Mehdi Motakefpour

Hello there,

I am Mehdi Motakefpour, the new Energy Project Manager. It has been more than two months now that I’ve joined UHN Energy & Environment team. Our team is one of the behind the scene crew that strives to optimize energy use within UHN facilities and minimize the environmental footprint while providing a healthy, safe, comfortable and sustainable environment for the patients and staff.

A little bit about myself, I have got my bachelor degree in mechanical engineering in Iran. After a couple of years working there, I decided to develop my experience and explore new countries and in the meantime continue my education toward a Master degree. So I move to Sweden and I got my Master degree in Energy and Environmental Engineering and since then I have been working in the Energy sector. Once I finished my degree I moved to Norway for work and after a couple of years working in oil and gas industry I came to Canada.

UHN has been a pioneer in energy and environmental management and Energy and Environment Department has been recognized by several awards so far. In the last two years that I have been involved in healthcare energy management projects, I was hearing about the outstanding success stories of energy and sustainability team at UHN and I was thinking it would be wonderful if I could be part of the team. Now, it happened I am so glad that I could join the boat. I do my best to make a valuable contribution to the projects.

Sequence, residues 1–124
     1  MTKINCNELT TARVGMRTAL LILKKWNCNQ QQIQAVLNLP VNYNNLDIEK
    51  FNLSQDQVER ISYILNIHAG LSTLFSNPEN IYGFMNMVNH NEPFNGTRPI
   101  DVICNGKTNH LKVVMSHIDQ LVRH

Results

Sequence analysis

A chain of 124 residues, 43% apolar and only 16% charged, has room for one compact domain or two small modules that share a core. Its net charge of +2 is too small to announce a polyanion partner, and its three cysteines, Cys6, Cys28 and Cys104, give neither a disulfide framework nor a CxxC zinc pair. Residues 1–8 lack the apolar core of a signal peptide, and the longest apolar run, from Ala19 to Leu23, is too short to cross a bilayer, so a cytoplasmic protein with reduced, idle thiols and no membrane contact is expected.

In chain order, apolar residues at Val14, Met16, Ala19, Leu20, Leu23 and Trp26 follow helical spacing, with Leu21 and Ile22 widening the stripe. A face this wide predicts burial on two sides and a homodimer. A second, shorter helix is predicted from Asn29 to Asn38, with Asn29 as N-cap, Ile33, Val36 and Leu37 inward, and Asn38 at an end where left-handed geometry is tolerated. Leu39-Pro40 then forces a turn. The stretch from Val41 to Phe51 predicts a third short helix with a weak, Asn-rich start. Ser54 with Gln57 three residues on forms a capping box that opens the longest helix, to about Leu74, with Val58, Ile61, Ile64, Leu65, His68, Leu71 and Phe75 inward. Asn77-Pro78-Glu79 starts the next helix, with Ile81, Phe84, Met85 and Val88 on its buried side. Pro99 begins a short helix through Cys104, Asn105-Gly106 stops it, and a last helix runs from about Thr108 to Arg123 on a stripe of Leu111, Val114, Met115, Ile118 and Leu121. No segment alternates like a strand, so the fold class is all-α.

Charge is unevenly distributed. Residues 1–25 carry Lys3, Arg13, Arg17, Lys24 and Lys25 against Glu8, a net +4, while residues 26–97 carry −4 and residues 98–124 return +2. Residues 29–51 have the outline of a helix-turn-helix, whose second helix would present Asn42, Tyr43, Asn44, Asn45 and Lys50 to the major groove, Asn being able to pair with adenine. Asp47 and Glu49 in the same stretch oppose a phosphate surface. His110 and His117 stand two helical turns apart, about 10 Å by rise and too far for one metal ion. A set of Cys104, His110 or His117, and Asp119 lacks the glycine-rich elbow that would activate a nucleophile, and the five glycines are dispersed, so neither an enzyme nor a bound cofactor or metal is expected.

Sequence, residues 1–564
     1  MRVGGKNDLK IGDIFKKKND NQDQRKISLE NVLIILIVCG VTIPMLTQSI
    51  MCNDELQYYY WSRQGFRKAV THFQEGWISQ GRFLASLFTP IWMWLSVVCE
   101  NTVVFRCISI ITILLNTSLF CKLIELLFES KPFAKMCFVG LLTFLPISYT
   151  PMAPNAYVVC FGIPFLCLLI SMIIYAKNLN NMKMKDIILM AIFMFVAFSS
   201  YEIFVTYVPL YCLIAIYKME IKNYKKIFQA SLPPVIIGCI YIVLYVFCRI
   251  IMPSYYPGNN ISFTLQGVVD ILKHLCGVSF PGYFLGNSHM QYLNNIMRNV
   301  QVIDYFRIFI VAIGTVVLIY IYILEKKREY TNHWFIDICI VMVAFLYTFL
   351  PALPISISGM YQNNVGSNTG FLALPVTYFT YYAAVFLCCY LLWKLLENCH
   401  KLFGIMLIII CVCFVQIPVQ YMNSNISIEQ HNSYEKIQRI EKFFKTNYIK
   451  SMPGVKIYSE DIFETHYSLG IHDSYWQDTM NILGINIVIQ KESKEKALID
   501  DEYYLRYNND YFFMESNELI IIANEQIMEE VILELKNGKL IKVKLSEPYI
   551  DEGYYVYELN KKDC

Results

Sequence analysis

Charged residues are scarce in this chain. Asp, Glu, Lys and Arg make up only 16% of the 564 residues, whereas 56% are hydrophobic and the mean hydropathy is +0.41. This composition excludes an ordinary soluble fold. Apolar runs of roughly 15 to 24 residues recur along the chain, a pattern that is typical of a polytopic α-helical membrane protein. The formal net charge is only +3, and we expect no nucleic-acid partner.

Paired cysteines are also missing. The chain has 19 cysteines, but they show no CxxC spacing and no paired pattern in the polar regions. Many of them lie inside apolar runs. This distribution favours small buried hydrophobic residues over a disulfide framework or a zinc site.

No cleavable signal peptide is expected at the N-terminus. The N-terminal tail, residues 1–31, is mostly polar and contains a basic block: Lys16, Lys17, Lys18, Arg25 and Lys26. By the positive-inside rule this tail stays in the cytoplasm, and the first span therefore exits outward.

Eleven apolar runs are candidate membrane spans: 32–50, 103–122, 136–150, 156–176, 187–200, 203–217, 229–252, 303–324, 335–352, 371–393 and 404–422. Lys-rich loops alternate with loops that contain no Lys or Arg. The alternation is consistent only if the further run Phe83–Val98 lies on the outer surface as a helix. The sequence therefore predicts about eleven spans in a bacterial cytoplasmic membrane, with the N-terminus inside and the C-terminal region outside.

Regarding UHN facilities, I should say it looks like a huge maze to me. Still, after two months working here, I’m getting lost and I can’t find my way easily. I was thinking it would be good if I could leave a trail of bread crumbs behind myself, like what Hansel did, to mark the way back to the office.